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Threatening Gaza recovery

Sep 02,2014 - Last updated at Sep 02,2014

Barely a week had passed since a ceasefire agreement was reached by Palestinians and Israelis, through Egyptian mediation, before verbal clashes erupted between Palestinian Authority President Mahmoud Abbas and Hamas over the 50-day Gaza war.

Abbas accused the Islamist resistance group of prolonging the war and refusing offers to reach a truce before discussing its full demands.

In his view, this increased the number of Palestinian casualties.

He said that in the end, Hamas accepted the same offer that was presented to it on the 10th day of Israeli aggression on Gaza.

Furthermore, Abbas accused Hamas of running a “shadow government” in Gaza and preventing the national unity government from carrying out its duties, which could harm the reconciliation agreement reached a few months ago.

He also criticised Hamas for unilaterally taking war and peace decisions, and for interfering in the flow of aid going to Gaza.

On its part, Hamas cast off such accusations and criticised the government of Prime Minister Rami Al Hamad for failing to do its part in Gaza. It also rejected proposals that a West Bank committee oversees rebuilding efforts in the stricken strip.

Fateh and Hamas traded accusations over the holding of activists in the West Bank and Gaza.

Abbas described Hamas’ public executions of alleged Israeli spies as “criminal”.

The show of unity and solidarity that Palestinians from various groups exhibited during the Israeli aggression on Gaza seems to have ended, allowing deep-seated differences and mistrusts to resurface. There have always been doubts over the seriousness of both Fateh and Hamas to end their rift, which lasted for over seven years.

Both parties engaged in hostile acts against followers and key leaders. Hamas, which took control of Gaza in 2007, resisted pressure to allow the Palestinian Authority to return to the strip. Fateh has made sure to undermine Hamas’ presence in the West Bank.

As a result of the widening gap between the two sides, the Palestinian political process was hamstrung. Deadlines for presidential and legislative elections were missed time and again while Abbas consolidated his grip over the West Bank and Hamas became the absolute ruler in Gaza.

Geopolitical changes in the region compelled the two parties to ameliorate their positions.

The uprising in Syria forced Hamas to sever ties with the Syrian regime and, as a result, its alliance with Iran and Hizbollah was shaken.

The overthrow of Islamist President Mohamed Morsi in Egypt last year dealt a heavy blow to Hamas, which was declared as a terrorist organisation by the new regime.

Meanwhile, Israel continued to tighten its land, sea and air blockade of Gaza, leaving Hamas both isolated and discredited.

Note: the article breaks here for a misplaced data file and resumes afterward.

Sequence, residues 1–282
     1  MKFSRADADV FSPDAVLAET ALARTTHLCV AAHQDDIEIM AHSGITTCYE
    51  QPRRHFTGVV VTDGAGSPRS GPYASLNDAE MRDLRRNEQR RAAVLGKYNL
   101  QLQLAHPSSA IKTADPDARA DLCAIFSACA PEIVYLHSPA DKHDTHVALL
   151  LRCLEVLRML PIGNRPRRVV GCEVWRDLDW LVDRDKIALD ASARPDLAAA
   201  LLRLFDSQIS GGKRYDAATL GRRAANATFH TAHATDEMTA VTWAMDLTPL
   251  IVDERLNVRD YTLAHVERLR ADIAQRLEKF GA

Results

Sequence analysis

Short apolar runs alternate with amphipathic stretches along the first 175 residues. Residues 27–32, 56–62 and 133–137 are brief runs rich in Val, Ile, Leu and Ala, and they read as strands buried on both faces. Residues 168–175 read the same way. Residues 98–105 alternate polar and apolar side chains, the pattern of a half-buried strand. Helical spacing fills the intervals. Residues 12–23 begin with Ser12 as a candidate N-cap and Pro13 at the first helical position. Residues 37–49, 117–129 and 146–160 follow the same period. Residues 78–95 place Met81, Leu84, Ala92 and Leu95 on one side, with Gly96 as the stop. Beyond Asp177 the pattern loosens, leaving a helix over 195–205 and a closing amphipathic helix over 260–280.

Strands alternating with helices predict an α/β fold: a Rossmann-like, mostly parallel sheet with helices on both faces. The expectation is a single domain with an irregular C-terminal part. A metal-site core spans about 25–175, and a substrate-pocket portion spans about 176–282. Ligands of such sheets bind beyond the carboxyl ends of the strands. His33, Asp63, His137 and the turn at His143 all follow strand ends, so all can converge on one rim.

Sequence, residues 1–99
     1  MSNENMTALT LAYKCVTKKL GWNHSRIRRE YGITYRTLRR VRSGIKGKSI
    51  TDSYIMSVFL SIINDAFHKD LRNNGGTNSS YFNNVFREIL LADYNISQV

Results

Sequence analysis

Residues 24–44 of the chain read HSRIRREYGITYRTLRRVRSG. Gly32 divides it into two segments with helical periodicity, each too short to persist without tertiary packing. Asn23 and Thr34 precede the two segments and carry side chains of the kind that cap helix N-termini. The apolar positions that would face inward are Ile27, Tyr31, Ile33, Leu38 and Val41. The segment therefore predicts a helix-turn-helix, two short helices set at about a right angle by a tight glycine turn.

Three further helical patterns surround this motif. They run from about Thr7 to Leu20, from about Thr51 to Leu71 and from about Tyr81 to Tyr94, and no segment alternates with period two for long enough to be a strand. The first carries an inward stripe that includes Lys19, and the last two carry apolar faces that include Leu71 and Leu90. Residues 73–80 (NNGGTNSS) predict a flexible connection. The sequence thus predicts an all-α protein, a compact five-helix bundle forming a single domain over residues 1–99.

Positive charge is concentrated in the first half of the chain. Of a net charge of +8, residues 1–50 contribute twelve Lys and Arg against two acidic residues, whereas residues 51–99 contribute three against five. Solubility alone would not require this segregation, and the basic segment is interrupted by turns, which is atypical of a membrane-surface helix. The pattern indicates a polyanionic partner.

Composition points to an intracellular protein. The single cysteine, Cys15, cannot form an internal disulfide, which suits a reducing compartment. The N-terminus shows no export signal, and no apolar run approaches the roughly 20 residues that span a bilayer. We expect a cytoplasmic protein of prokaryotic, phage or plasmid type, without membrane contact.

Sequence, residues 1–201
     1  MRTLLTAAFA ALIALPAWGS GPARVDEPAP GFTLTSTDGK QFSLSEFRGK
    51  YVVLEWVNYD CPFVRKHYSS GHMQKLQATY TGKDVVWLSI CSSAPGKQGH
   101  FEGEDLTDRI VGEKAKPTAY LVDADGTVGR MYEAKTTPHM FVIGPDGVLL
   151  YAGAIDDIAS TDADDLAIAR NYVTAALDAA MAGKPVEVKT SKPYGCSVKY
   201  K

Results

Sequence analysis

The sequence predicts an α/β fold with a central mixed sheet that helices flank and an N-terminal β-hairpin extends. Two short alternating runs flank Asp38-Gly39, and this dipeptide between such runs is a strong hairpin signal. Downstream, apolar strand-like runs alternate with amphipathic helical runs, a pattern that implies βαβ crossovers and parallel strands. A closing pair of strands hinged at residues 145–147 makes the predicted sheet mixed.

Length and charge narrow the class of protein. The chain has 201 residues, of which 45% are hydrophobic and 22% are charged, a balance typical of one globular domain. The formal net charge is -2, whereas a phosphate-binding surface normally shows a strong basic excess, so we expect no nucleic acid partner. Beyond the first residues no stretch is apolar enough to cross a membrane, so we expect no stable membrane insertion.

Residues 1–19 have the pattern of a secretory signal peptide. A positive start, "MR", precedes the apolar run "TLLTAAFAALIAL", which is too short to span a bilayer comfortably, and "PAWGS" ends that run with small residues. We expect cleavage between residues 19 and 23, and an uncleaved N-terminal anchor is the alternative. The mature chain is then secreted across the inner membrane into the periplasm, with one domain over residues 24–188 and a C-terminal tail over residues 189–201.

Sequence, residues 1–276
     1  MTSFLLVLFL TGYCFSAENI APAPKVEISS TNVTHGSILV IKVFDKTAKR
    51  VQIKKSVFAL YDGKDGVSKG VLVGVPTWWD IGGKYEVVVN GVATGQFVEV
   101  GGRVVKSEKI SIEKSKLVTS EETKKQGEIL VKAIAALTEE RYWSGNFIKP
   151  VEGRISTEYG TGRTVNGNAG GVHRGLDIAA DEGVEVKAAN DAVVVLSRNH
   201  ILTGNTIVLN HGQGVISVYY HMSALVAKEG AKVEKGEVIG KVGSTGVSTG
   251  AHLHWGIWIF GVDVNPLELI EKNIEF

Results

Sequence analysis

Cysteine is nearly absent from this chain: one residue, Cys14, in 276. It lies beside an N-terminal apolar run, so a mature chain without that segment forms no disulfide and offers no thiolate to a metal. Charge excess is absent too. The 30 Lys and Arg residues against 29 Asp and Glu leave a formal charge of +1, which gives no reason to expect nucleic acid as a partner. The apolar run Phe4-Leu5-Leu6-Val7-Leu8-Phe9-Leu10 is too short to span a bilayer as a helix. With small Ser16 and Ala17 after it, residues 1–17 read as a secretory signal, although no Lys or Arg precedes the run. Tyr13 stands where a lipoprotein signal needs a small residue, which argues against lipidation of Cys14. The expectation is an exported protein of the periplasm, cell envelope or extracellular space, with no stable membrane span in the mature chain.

It was a combination of all these developments that forced Hamas to revisit the issue of Palestinian reconciliation one more time.

Abbas, on the other hand, had good reasons to embrace his Gaza archrivals. After almost a year of unfruitful negotiations with the right-wing government of Israeli Prime Minister Benjamin Netanyahu, under American auspices, he came out empty-handed.

Israel accelerated its colonisation of West Bank territory and offered the Palestinian president nothing.

Abbas and Hamas saw the revival of reconciliation efforts as a way out from dire straits. The culmination of an agreement between the two last April angered Israel, which sought to undermine Palestinian unity.

The kidnapping and subsequent killing of three Israeli youth last June in the West Bank was blamed on Hamas, which denied the accusation.

Israel used that incident as a pretext to arrest hundreds of Palestinians in the West Bank, including those who were freed under the Shalit deal, and later to wage war on Gaza.

Hamas claimed that it was forced to go to war and vowed to resist, rejecting offers for a ceasefire until all its demands, paramount among them the removal of the blockade, were fulfilled.

Abbas hesitated at first, but then threw his weight behind the resistance. He formed a delegation representing all Palestinian factions to go to Cairo for indirect negotiations and embraced Hamas’ demands.

The war on Gaza was costly for the Palestinians. More than 2,200 Palestinians died in Gaza as a result of the brutal Israeli aggression while hundreds of thousands were displaced. And even as both Hamas and Israel agreed to a monthlong truce, it is not clear that future negotiations will end Israel’s siege and pave the way for the opening of a seaport and airport in Gaza, among other things.

Statements last week by a leading Hamas official, Saleh Al Arouri, who is in exile in Turkey, that the Islamist movement was in fact responsible for the kidnapping of the three Israeli settlers will deepen the current rift.

The pressing question now is how will these differences affect the Cairo negotiations between the Palestinians and Israelis?

What Netanyahu could not achieve through his assault on Gaza will be delivered to him now at no cost at all.

Buoyant after its so-called victory in Gaza, Hamas is hesitant to allow Abbas and the PA to reclaim control of the strip. But that is the only way for the endurance of the reconciliation and a precondition for ending the Gaza siege.

It is sad that after the hefty price the Gazans paid, the current inter-Palestinian rift could render their sacrifices meaningless.

The writer is a journalist and political commentator based in Amman.

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